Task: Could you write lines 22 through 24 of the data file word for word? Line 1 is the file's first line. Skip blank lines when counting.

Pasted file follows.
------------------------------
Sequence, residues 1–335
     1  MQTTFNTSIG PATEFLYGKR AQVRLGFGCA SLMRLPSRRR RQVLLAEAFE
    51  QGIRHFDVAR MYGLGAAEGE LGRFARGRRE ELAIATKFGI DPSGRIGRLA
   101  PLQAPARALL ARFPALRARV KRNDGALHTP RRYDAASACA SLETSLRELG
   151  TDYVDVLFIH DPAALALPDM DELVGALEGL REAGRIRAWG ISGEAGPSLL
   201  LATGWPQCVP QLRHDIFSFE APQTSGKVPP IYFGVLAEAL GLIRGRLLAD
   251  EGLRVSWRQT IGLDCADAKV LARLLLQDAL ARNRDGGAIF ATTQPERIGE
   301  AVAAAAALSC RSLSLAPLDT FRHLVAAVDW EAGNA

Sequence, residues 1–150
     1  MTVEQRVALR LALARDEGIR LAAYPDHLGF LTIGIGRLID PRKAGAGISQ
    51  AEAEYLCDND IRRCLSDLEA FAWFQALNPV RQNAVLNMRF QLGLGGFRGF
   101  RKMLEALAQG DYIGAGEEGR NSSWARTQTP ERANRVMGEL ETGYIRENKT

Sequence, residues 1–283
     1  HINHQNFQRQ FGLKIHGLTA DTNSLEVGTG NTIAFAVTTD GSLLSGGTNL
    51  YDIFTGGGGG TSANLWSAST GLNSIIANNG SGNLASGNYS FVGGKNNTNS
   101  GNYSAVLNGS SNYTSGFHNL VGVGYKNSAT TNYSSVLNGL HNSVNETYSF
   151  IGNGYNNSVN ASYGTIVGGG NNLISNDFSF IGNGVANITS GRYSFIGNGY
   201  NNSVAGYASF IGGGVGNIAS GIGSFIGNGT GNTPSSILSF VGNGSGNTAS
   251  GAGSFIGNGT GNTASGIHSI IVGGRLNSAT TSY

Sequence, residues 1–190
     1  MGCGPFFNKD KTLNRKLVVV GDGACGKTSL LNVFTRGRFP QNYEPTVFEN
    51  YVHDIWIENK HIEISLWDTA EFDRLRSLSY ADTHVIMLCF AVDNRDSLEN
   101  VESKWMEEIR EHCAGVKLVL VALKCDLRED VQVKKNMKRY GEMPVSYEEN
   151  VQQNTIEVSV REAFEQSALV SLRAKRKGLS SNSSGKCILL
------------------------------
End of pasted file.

    51  YVHDIWIENK HIEISLWDTA EFDRLRSLSY ADTHVIMLCF AVDNRDSLEN
   101  VESKWMEEIR EHCAGVKLVL VALKCDLRED VQVKKNMKRY GEMPVSYEEN
   151  VQQNTIEVSV REAFEQSALV SLRAKRKGLS SNSSGKCILL